Don’t Fall for This Earnings Season Parlor Trick
"EBS, or Everything but Bad Stuff."
— Lynn Turner, chief accountant, Securities and Exchange Commission, on modern-day earnings reports
Wall Street accountants can be some of the most creative humans on the planet. Heck, the newest generation of them should get their own shows on the Food Network. That's because they are cooking the corporate books more creatively than at any time since the dot-com bubble days.
There is a canyon-wide hole that these financial magicians drive their trumped-up earnings through. That is, the legal-but-misleading reporting of profits on a non-GAAP basis.
GAAP stands for generally accepted accounting principles. So, any company that reports its profit on a non-GAAP basis is (legally) overstating its profitability.
Non-GAAP profits exclude non-recurring, or "one-time," items. Things like restructuring expenses, office/plant closures, layoffs, regulatory penalties and accelerated depreciation. In other words, profits that are ex-this and ex-that.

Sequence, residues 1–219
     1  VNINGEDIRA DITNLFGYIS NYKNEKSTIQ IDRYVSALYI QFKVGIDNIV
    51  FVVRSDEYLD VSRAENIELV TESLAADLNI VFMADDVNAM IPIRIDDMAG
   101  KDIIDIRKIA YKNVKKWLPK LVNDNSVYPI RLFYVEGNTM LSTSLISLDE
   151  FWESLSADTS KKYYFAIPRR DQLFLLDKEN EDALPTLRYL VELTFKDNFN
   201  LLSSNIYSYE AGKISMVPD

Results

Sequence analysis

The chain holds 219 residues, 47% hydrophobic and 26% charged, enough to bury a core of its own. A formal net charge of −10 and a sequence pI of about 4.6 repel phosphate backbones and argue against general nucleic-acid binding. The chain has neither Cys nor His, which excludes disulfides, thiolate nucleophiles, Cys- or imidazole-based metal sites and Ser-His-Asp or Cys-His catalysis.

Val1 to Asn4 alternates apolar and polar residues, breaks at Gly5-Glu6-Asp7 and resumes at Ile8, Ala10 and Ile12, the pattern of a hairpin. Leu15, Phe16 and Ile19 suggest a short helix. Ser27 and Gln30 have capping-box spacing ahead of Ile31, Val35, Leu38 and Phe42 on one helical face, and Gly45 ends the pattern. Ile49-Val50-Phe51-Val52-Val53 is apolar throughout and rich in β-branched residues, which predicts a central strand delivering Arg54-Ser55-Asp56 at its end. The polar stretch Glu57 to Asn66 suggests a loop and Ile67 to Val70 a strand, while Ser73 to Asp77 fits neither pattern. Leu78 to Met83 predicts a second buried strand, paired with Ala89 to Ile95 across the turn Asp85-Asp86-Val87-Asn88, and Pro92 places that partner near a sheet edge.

My ex-wife had the best explanation of non-GAAP that I've ever heard. "You'd be handsome ex-50 pounds," she said.
Why do corporations even use non-GAAP numbers? Mainly to goose the stock options of corporate insiders.
Or, in simple terms, corporate greed.
Worse yet, the use of non-GAAP profit reporting is growing. The members of the S&P 500 Index reported earnings in 2018 that were $19-per-share higher on a non-GAAP basis than GAAP basis.
Some of the most aggressive abusers of non-GAAP numbers are young tech companies. Tech upstarts often lose mountains of money for years and rely on non-GAAP accounting to make them look like viable businesses.
In the dot-com heydays, you used to hear a lot about "eyeballs," "page views" and "unique users." Today, the new non-GAAP buzzwords are "annual recurring revenue," "billings" and "bookings."
For example, look at Uber (UBER).
Uber produced the largest one-year loss in the history of American IPOs, with a $3.7 billion loss in the 12 months through March.
However, using what Uber calls "core platform contribution profit," it claims to have made $940 million.
Uber has lots of aggressive accounting company, and the growing, um, gap between GAAP and non-GAAP profits is something that you should consider before buying any stock.
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